The Salvation Army and the Smith Family ensure that families like mine get to experience some genuine Christmas cheer. Much of this is generated because the good/gifts supplied are not in the form of money, so the ‘big spender’ can’t steal them for his own ends.

    skepticlawyer

    November 29, 2006 at 8:20 pm

  6. I actually give away 5% of my gross to charity each year hoping it will buy me a chance to get through pearly gates if it does exist. you never know and it’s a small cost to pay for insurance.

    Who knows, maybe the big guy takes a dim view of giving someone like Liam a hard time. The charity thing could be a form of equalizing the balance sheet mof good vs bad deeds.

    Having said that, I think the expectation of people having to give away their money is a form of compulsion.

    Bill gates was at first given a hard time because he was “stingy” with his money. This is judgmental left wing crapola. Gates should have felt free to do what he wanted with his hoard and it was no one’s business.

    JC.

    November 29, 2006 at 8:37 pm

  7. oh really jason…i’m yet to hear of this magical efficient government you speak of…

    of course governments could be efficient but theyre not…

    private charity works – look at gates foundation – government charity wastes the majority if not all of it…

    UN spends something like 85% of the money in rich countries…

    c8to

    November 29, 2006 at 8:44 pm

  8. i’m being the opposite of dogmatic…the evidence shows that government redistribution is extremely ineffective…

    your an economist…you should know that…the dead weight losses of government transfers suck…most welfare goes to those who don’t need it, government workers and administrators, and finally to those that do need it, but with perverse incentive structures…

    c8to

    November 29, 2006 at 8:45 pm

  9. “UN spends something like 85% of the money in rich countries…”

    Really?

    Jesus they’re uselsss.

    JC.

    November 29, 2006 at 8:47 pm

  10. really?so you’re opposed to John Humphreys 30/30 tax reform program? how do you expect to convince people to accept deregulated labour markets if you don’t want any government welfare?

    Jason Soon

    November 29, 2006 at 8:49 pm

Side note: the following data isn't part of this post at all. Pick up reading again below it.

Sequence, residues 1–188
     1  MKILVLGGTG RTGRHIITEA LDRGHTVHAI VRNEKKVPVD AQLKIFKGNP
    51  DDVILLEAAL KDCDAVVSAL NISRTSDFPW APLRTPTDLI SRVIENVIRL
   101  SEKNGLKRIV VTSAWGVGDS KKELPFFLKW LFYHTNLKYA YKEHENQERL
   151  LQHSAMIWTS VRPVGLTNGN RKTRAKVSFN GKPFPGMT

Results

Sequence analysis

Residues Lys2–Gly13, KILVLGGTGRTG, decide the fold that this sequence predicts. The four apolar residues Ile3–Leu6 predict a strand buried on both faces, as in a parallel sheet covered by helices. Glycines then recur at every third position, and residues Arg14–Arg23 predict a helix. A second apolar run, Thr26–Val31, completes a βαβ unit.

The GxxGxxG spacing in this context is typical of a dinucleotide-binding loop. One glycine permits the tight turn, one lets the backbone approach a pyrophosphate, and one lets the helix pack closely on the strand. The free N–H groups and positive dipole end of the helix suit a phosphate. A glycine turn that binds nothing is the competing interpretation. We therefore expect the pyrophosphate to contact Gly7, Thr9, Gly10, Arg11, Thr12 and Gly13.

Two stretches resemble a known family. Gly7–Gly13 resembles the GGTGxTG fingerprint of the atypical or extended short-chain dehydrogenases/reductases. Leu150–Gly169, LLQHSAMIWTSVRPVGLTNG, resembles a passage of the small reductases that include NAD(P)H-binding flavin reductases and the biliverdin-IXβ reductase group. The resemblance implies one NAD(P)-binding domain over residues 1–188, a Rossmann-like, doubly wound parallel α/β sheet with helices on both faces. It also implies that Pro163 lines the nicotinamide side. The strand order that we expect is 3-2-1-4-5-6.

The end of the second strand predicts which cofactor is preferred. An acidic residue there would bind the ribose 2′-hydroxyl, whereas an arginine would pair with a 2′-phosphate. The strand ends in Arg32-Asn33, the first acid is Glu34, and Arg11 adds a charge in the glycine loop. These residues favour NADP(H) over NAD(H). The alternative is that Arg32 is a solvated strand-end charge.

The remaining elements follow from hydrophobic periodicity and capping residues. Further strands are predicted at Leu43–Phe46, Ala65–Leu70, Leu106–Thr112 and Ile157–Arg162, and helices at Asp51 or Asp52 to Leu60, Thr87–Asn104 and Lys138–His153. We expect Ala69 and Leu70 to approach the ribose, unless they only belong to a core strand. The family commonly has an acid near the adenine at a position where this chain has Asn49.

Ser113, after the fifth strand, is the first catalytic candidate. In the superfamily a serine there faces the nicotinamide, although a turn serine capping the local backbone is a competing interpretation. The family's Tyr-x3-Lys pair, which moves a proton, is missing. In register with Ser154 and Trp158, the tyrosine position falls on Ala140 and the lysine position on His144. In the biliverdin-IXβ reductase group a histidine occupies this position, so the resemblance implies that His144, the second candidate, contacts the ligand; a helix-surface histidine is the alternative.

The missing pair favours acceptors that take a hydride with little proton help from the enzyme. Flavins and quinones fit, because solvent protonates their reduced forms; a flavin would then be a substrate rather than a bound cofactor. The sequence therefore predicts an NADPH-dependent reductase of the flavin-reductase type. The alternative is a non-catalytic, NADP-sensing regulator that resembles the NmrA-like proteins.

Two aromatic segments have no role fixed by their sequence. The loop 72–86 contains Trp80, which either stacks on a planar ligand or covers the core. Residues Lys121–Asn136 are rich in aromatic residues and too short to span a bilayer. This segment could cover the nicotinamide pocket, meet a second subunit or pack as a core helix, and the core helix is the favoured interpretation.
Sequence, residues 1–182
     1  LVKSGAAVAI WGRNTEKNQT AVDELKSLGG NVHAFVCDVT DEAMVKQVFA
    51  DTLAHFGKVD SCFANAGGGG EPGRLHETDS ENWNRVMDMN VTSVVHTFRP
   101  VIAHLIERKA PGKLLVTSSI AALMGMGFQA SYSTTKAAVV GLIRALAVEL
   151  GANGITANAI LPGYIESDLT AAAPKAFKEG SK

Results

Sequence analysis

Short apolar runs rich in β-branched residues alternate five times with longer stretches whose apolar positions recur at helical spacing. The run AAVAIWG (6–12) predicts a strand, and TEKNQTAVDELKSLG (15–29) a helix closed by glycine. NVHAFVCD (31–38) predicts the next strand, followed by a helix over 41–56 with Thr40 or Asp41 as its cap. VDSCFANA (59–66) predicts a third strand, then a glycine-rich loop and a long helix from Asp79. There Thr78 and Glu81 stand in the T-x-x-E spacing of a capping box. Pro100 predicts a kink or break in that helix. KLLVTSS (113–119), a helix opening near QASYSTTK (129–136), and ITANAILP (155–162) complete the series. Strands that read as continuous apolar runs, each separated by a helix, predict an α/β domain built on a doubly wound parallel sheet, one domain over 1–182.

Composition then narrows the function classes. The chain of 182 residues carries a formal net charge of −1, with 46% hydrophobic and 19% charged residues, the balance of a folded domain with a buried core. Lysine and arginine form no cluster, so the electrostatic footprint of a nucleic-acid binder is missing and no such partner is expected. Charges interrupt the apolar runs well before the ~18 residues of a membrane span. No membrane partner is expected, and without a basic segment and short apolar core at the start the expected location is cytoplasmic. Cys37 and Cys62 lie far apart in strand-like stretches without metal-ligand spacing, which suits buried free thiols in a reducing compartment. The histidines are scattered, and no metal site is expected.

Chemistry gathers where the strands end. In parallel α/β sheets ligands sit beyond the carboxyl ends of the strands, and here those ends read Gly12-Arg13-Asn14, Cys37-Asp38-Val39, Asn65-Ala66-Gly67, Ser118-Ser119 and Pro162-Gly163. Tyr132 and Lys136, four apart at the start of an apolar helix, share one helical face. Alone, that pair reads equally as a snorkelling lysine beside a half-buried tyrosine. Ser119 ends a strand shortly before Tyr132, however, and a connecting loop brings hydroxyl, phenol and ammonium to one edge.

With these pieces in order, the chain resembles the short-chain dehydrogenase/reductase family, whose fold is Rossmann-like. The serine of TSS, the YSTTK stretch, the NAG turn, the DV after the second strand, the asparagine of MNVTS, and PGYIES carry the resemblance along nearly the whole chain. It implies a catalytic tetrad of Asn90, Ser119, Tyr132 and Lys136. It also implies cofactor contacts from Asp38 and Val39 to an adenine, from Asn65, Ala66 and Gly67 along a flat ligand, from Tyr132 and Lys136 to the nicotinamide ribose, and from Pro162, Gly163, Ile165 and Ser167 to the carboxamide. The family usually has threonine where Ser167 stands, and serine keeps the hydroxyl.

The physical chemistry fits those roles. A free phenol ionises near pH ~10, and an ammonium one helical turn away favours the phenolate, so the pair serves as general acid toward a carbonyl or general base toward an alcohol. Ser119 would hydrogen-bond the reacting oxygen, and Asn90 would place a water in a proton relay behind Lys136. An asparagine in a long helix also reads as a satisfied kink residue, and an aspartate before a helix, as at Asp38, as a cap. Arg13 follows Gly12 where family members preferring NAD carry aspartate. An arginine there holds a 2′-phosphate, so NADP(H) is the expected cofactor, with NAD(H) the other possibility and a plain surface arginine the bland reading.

11. Whoa, I heard my name taken in vain and came running—if it isn’t too “hypocritical” of me to comment, here, ‘f course. Or shall I call you, Joe, Leo the tenth, believer in charitable indulgences paid in this life for suitable preference in the afterlife?

    so the ‘big spender’ can’t steal them for his own ends

    Skepticlawyer, I believe you’re channelling the sentiments of the 1890s fabians and the post-Victorian social reformers, who wanted to push the economic concept of the ‘family’ away from the ideal of institutions based on breadwinners able to piss-away or borrow-away the income. Good for you—the true believers’ll have you yet, if you don’t fall for “local option” or state prohibitionism. The blessings of Saints Webb be upon you.
    Seriously though, St. Vincent de Paul do very good work in the social welfare field, either in material goods (clothes, food, appliances, furniture) or in donations of cash, if that’s your thing.

    Liam

    November 29, 2006 at 10:04 pm

  12. Liam
    I was worried I haven’t seen you round for a while , so I whistled and sure enough there you are fully attired in beret, turtle neck and bow tie.

    You gotta always buy insurance Liam.

    I don’t like St Vincents and wouldn’t ever give them a cracker. They preach a far left philosophy that wants to make me gag.

    ” shall I call you, Joe, Leo the tenth, believer in charitable indulgences paid in this life for suitable preference in the afterlife?”

    Dude, you can call me whatever you like. Leo the tenth is ok with me. no probs.

    JC.

    November 29, 2006 at 10:19 pm

  13. Liam, I’m interested in what works, and in what I can learn. This isn’t a function of ideology, although I prefer people to have as many choices as possible. If however, you’re getting something for nothing from a private body, then that private body has the right to set the terms of reference. If it works, even better.

    skepticlawyer

    November 29, 2006 at 10:20 pm

  14. I must say I enjoy looking at wat google adds pop up for threads. I’m being invited to share my Mormon conversions stories.

    Steve Edney

    November 29, 2006 at 10:31 pm

  15. That’s right, Steve, and I’m being invited to apply for Government jobs, and join the US Army. 🙂

    Liam

    November 29, 2006 at 10:37 pm

  16. Jason’s employer (CRA International) got a plug on one thread. And the New Internationalist got a guernsey on another. Lots of fun.

    skepticlawyer

    November 29, 2006 at 10:39 pm